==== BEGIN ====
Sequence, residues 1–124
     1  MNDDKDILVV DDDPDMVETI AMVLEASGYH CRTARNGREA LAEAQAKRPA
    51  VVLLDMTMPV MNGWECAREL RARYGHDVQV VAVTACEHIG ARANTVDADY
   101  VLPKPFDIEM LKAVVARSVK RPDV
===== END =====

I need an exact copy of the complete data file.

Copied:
Sequence, residues 1–124
     1  MNDDKDILVV DDDPDMVETI AMVLEASGYH CRTARNGREA LAEAQAKRPA
    51  VVLLDMTMPV MNGWECAREL RARYGHDVQV VAVTACEHIG ARANTVDADY
   101  VLPKPFDIEM LKAVVARSVK RPDV